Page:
Opposition in Turkey Can't Stymie Erdogan – but Contrary to Israel's, at Least It Speaks Up

It would not (yet) be fair to compare the Turkish interpretation of the term 'democracy' to the Israeli interpretation. But the two of them are approaching one another.

Turkey's President Erdogan addresses audience in Ankara, January 12, 2016.
Reuters

Anybody who’s crossed the border between Turkey and Iraq knows the town of Silopi. For years Kurdish taxi drivers held a monopoly over transporting passengers via the Habur crossing to this town in southeastern Turkey. Those were prosperous years, with thousands of trucks crossing the border every day, leaving behind generous tithes in the town, after sleeping in its small hotels and buying food in its rural stores. Oil tankers passing through from Iraq would empty their bellies at local gas stations at a low price, too.

Silopi lies in the Silopi district of Turkey's Sirnak Province, which includes 23 villages in which more than 73,000 people live. Since July however, it’s become a battle zone. The town had been under military-imposed curfew for 36 days, and when it was partially lifted last week, residents who had fled and returned home found that the army had left behind mainly ruins. Many houses were destroyed and livestock had disappeared.

Remember, these are Turkish citizens. Some of them support the Kurdistan Workers’ Party (known as the PKK), which is responsible for various acts of terrorism around Turkey, but they have not been involved in any fighting per se. Although the Turkish government declares, that more than 600 PKK members were killed in the hostilities recently, it’s hard to verify that claim.

Turkey doesn’t have a Kurdish problem, it has a terrorism problem, Recep Tayyip Erdogan says, explaining the war his country is waging in the southeast. But in fact Turkey has a huge “Kurdish problem” which has dragged the nation into a small civil war. That “problem” is what led more than 1,200 Turkish academics to sign a petition calling on the government to stop the fighting in the Kurdish districts.

Academics launching a political initiative against the policy of their government isn't common in Israel. All it took to whip up a storm in our parts earlier this month was one lecturer, former director general of the Foreign Ministry Alon Liel, who led just such a move, provoking 150 students at the Interdisciplinary Center in Herzliya to call for his dismissal, and for ministers and Knesset members to call him a traitor.

In Turkey, it was the president who opened up a front against university lecturers, ordering the investigation and arrest of 18 academics. Some will probably be tried for allegedly disseminating “terrorist propaganda,” as per Erdogan's charges and, as he says, they will pay a price for falling into a “pit of treachery." “So," the president scolded. "You think you will try to disrupt the unity of these nation, and continue to have a comfortable life with the help of the salary that you receive from the state – and pay no price for it? Those days are over In a state of law like Turkey, so-called academics who target the unity of our nation have no privilege of committing crimes.”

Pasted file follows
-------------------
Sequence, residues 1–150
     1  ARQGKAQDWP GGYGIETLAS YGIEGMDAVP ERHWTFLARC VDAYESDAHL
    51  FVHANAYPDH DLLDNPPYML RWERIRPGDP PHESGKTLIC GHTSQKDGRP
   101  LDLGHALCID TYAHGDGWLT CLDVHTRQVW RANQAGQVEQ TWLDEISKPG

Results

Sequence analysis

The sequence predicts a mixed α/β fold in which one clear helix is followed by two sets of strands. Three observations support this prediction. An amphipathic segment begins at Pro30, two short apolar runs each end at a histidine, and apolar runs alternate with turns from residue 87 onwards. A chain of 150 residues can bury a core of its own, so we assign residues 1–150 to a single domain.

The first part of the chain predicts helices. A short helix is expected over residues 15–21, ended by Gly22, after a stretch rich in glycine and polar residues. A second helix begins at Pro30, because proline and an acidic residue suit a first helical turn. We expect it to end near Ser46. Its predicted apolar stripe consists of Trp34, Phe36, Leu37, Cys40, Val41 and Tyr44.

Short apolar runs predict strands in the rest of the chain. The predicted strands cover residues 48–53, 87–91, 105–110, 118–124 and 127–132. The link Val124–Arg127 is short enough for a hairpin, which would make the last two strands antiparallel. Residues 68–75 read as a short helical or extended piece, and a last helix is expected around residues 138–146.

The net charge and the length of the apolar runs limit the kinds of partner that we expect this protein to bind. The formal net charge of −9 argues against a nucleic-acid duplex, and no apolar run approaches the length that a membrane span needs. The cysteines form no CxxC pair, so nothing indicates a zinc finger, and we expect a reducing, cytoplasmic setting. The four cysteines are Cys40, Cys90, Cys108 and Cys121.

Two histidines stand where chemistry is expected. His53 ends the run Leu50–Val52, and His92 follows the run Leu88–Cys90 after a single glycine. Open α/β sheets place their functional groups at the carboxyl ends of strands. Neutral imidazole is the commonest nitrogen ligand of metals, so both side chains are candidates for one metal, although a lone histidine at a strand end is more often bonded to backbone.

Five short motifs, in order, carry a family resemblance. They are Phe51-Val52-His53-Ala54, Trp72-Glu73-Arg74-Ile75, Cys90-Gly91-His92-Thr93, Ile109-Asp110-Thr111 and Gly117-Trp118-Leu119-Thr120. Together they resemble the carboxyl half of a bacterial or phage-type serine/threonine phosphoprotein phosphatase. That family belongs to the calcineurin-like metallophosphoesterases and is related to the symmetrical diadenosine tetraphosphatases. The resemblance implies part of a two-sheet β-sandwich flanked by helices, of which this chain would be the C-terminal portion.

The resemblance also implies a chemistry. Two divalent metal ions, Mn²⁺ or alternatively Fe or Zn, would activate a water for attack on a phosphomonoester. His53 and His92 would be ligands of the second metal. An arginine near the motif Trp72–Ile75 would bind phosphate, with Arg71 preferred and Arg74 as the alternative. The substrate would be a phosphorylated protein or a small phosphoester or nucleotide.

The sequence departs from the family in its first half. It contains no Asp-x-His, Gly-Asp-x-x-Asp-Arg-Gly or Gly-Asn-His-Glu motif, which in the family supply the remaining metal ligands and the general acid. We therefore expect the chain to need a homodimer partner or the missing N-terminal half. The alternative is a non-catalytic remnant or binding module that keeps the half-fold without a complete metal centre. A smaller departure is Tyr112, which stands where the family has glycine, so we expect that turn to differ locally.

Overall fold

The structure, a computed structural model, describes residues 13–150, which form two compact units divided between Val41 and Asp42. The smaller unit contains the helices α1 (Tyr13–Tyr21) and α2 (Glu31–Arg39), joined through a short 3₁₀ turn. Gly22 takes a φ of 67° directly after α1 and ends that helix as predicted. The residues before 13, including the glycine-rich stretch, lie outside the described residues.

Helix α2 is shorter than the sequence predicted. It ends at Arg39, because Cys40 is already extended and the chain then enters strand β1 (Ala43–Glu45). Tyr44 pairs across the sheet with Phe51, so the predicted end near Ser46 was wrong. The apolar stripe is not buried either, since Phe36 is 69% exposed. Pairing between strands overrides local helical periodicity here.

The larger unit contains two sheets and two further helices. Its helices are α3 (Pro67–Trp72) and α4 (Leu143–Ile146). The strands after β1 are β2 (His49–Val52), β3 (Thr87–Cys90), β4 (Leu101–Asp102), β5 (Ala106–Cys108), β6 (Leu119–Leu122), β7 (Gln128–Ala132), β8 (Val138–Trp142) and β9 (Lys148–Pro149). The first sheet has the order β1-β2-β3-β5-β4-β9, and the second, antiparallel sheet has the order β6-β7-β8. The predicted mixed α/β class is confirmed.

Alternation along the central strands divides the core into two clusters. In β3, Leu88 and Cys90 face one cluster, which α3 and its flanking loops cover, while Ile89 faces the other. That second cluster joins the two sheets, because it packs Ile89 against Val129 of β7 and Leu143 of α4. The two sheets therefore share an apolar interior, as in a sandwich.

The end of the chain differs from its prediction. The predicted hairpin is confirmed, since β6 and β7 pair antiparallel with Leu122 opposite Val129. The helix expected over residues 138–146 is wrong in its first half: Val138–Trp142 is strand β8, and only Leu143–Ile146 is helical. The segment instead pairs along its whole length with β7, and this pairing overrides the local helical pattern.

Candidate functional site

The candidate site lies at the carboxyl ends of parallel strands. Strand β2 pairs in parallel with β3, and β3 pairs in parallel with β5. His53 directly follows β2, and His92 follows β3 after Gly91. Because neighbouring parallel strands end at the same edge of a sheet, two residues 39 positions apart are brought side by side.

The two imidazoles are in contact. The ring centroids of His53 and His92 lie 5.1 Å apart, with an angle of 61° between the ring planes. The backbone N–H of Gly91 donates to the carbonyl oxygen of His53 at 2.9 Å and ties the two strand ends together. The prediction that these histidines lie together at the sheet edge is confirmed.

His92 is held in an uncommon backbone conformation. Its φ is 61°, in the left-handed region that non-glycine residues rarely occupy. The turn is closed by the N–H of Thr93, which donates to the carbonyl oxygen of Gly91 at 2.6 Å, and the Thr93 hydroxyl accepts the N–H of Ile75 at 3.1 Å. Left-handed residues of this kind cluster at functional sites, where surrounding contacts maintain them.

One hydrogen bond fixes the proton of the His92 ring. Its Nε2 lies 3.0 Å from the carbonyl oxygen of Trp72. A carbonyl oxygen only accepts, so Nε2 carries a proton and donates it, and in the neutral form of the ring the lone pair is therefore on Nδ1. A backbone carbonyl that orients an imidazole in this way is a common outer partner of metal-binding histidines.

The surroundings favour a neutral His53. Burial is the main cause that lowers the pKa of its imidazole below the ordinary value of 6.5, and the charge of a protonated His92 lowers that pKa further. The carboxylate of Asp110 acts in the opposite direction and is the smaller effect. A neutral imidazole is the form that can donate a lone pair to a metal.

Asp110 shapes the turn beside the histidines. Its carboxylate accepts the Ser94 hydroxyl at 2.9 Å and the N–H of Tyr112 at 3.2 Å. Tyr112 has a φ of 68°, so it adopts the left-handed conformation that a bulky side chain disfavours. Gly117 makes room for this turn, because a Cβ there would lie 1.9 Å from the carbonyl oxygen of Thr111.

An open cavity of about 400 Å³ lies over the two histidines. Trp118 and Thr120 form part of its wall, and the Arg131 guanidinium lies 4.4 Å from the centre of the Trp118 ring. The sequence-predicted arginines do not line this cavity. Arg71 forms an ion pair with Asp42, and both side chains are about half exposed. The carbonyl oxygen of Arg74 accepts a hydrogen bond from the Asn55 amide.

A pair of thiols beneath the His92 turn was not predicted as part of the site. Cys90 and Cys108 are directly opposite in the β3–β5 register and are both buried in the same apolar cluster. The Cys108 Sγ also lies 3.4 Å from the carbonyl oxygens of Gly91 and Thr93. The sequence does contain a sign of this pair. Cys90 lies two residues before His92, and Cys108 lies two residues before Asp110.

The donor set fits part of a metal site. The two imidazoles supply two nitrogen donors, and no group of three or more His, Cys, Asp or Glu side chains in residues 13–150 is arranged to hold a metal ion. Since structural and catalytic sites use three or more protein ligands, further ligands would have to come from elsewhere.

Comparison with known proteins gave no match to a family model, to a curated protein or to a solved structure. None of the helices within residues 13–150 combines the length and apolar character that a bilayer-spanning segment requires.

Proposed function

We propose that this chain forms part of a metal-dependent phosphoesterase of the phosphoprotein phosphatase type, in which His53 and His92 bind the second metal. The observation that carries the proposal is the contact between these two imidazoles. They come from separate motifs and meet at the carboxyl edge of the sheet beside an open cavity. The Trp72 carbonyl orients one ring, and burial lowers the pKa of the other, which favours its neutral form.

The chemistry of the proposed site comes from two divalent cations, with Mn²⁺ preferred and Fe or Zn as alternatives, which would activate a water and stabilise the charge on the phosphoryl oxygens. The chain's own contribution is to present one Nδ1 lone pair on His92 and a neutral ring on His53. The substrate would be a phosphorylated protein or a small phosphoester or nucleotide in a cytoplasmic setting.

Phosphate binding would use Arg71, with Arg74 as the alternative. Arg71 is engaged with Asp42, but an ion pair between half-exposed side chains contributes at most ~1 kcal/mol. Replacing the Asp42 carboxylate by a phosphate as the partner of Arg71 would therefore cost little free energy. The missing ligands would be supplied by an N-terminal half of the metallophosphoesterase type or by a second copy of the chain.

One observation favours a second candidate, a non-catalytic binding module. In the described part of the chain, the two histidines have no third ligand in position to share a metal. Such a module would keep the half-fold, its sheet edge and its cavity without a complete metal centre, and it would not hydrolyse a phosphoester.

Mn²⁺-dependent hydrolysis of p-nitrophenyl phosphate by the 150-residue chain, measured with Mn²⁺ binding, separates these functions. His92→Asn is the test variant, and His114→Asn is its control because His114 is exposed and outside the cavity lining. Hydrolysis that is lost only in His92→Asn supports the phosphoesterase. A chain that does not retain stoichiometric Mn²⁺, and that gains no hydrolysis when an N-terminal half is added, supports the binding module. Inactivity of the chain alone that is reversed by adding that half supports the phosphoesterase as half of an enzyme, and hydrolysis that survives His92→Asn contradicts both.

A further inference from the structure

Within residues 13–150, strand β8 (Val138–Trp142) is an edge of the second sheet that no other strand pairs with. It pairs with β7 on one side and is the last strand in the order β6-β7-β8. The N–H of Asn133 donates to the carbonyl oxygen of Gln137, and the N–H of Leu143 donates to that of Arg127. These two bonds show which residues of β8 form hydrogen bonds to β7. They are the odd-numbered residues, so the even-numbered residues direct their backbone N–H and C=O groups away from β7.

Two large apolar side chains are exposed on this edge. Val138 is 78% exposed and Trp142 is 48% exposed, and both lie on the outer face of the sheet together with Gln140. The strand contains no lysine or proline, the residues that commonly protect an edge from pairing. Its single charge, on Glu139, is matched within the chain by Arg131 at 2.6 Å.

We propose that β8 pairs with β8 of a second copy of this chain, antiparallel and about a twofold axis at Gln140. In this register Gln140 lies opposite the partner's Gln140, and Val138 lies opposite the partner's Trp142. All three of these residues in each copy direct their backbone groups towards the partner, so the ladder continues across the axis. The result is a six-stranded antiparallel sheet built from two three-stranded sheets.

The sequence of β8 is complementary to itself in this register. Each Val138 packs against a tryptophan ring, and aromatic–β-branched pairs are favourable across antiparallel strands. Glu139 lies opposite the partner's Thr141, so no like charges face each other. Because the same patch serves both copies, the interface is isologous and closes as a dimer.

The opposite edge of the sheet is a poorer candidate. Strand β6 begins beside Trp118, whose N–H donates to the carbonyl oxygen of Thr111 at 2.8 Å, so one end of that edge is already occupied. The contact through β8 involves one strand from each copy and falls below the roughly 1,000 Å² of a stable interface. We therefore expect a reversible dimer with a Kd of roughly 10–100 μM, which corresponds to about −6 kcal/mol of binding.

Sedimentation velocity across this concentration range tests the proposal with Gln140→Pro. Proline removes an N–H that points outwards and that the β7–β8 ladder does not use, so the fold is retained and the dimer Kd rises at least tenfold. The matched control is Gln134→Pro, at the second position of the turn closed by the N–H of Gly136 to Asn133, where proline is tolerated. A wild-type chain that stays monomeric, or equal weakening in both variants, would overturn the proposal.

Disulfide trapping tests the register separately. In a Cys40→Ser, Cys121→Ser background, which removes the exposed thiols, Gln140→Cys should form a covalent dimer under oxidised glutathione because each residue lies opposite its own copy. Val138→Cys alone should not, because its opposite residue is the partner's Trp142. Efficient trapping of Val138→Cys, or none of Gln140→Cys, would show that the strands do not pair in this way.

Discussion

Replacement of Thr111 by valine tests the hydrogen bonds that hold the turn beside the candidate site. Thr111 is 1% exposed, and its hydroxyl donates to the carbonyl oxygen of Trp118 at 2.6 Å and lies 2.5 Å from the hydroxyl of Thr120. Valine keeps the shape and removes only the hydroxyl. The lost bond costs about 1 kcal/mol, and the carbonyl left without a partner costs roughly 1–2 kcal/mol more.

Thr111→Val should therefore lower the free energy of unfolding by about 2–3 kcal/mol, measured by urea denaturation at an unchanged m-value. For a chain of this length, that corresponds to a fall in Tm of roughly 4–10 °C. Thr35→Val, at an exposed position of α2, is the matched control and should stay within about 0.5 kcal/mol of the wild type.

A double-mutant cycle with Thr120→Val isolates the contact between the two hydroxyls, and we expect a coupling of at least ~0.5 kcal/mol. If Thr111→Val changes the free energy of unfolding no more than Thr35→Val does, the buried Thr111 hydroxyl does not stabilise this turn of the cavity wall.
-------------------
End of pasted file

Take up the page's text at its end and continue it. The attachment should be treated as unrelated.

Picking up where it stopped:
In Israel we probably will not be hearing such blunt accusations and statements against academics, since beyond a handful of them, it seems the government can rely on the loyalty of Israel’s institutions of higher education.

In addition, Erdogan is suing the head of the Turkish opposition party, Kemal Kilicdaroglu, for insulting him with slanderous remarks. Kilicdaroglu had called the president a religious “tin-pot dictator.” Erdogan called his rival "stupid” and “insane.” This exchange of accusations attests that even if the opposition in Turkey can’t stymie Erdogan, let alone replace him, at least it tries to speak up. In Israel, the prime minister doesn’t even have to worry about such talk.

Erdogan has another explosive tucked into his arsenal. Last week the Turkish businessman Mustafa Koç died. The multinational corporation he led engaged, among other things, in tourism and manufacturing weapons. Erdogan delivered a eulogy for Koç, but “forgot” to mention the threat he’d delivered to the businessman in the summer of 2013, when thousands of protesters clashed with Turkish security forces over the plan to tear down Gezi Park in Istanbul. Not a few of the protesters found sanctuary in the Divan Hotel, owned by Koç, who opened a special room for medical treatment of wounded demonstrators. Erdogan warned that Koç then that he would pay a price for this.

Indeed, a defense tender that Koç had won was subsequently canceled and a new one was reissued. Damaging the economic interests of political rivals in Turkey is a routine thing. Last week a senior Erdogan aide suggested nationalizing Isbank, a privately owned bank, among the biggest in the country, with assets of about $91 billion. The thing is that over a quarter of the bank's shares are held by the opposition party led by Kilicdaroglu. Just the suggestion was enough to send Isbank stock tumbling more than 3 percent. With moves of this time on top of the attacks on academics, journalists and intellectuals, the business community is starting to feel increasingly stifled.

Still, it would not (yet) be fair to compare the Turkish interpretation of the term “democracy” to the Israeli interpretation. But the two of them are approaching one another. After all, Israel always did see Turkey as a sister state.